Martin Novak

MARTIN NOVAK

Prosoft Süd Consulting GmbH
Austria

Wheel sensors used in Train detector Systems

Overview

  • Train detector systems are used to identify trains and wagons at specific locations within a railway network
  • Information based on wheel sensor signals are used to accurately allocate information delivered by RFID (identification of wagons) and/or WTMS equipment
  • Benefits of using a wheel sensor within train detector systems output, examples and experiences

Abstract

Train detector systems are used to identify trains and wagons at specific locations within a railway network, often at the location of so called wayside train monitoring systems (WTMS) – e.g. hotbox detectors, wheel set condition monitoring and noise emission measurements or similar – or at the gates of ports and terminals to record the sequence of wagons and their licence number in a freight train. They consist of a wheel sensor interface, a RFID detector module, a low power microprocessor and communication interfaces. Eventually also further sensors are added.

The WTMS and/or RFID information must be accurately allocated to a specific wagon and/or its component(s) (a bogie, wheel or axle). The allocation is based on the timestamp sequence of detected axles giving the “axle scheme” of a train (axle by time). As speed and distances are calculated from the wheel sensor signal, the accuracy of that timing is critical. An adaptive algorithm identifies each single wagon of the train based on axle distances. The variation of the distances must be less than 5 cm based on a measured axle distance of 3 m (2 axle bogie) at a speed range from 5 km/h up to 230 km/h or more. The RFID reading module of a train detector reads the wagon number stored in the RFID transponder at the moment of passage. This information is used to pinpoint the wagon of the train and also to identify the running orientation of the wagon. This enables the proper allocation of the axle oriented WTMS-measurements axle to the wagon and/or its axle or wheel.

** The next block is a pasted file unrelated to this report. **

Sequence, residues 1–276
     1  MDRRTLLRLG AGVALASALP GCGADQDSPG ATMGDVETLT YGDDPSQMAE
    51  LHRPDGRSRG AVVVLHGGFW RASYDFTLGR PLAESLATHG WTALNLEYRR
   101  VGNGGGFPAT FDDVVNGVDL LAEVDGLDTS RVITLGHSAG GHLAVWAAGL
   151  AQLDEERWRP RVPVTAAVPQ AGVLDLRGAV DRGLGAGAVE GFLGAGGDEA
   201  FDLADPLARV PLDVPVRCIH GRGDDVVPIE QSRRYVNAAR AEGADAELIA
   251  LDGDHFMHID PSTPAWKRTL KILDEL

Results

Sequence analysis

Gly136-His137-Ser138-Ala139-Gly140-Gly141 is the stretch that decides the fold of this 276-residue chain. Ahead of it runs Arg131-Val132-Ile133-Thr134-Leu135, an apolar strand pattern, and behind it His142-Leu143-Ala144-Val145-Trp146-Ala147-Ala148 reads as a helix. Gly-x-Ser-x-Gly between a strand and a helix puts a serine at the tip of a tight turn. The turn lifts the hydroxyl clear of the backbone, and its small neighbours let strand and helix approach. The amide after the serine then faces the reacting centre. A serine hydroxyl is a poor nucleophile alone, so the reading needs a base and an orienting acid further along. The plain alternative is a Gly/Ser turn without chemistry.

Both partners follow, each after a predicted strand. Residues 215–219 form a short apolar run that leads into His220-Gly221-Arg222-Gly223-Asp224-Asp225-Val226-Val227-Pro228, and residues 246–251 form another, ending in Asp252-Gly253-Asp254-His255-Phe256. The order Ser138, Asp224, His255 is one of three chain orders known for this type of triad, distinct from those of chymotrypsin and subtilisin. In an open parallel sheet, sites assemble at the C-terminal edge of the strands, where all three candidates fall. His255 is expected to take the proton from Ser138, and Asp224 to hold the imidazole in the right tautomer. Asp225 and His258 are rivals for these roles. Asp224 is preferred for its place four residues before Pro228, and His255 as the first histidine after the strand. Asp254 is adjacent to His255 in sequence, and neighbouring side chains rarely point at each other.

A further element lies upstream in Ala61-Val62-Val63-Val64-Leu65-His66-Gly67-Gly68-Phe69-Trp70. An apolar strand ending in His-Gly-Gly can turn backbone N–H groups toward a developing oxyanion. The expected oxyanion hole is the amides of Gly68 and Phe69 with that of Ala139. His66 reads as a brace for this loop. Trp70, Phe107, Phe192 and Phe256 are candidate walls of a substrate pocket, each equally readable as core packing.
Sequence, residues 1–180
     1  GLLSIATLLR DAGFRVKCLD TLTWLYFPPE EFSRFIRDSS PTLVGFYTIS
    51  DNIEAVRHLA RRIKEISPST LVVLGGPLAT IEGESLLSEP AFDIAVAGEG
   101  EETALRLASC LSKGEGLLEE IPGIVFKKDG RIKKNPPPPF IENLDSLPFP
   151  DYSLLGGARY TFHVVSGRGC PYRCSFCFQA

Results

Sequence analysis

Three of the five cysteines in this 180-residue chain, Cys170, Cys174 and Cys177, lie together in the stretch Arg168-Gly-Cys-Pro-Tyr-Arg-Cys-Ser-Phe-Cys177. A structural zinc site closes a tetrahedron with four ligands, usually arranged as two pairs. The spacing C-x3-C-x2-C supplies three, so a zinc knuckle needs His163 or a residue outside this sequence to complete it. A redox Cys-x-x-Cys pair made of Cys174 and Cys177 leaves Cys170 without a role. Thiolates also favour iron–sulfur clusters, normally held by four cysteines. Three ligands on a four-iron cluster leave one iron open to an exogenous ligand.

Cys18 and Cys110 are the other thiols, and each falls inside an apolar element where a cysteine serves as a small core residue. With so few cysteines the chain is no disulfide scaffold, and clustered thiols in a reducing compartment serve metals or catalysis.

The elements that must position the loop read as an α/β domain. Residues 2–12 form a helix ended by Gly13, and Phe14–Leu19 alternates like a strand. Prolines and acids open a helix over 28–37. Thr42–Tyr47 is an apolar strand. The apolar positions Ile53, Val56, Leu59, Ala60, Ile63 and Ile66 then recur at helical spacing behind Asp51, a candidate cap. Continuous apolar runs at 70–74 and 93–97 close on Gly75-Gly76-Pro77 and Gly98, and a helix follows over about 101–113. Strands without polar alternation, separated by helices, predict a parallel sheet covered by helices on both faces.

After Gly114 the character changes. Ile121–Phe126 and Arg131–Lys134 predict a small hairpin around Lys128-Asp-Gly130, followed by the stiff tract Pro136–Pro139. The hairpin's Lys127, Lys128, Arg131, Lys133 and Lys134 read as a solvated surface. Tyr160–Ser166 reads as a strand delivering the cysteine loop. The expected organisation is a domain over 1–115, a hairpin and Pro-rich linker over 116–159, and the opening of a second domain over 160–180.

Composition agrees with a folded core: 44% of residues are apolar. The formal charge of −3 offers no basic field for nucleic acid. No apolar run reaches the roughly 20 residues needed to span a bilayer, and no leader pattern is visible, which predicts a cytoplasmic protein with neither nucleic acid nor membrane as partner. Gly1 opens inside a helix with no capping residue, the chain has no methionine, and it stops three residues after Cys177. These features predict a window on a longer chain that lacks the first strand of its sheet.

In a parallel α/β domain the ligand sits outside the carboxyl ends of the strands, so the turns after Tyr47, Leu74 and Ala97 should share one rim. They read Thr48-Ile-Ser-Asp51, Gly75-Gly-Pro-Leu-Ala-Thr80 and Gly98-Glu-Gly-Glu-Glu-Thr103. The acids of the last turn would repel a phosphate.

The result is an XML-formatted “train report” available immediately after the passage of the train. This report is transmitted to a central host for further processing (collection of specific measurements, analysing for proactive maintenance support, sending an approaching alert to a port etc.)

The presentation will illustrate, how the wheel sensor was integrated in a low power embedded system together with an RFID reading module, tell about the challenges of the hardware and software interfaces and the dependency of the accuracy of the wheel sensor signals, and give an overview about the data format of the results.

Biography

Martin Novak studied at Vienna University of Technology, where he obtained his Graduate Engineer degree. Currently he works as founder and managing director at Prosoft Süd Consulting GmbH and he is also co-founder and managing director of Rail Data Services GmbH & Co. KG. His special focus lies on railway IT equipment for seamless integration of transport assets into the cross-border transport process of railway operations. Also, he focuses on the design and development of information interfaces between the different actors. Furthermore, Martin Novak is a senior developer of RFID train detector systems, railway noise monitoring equipment, DGNSS-surveying and rolling stock localization equipment.

 
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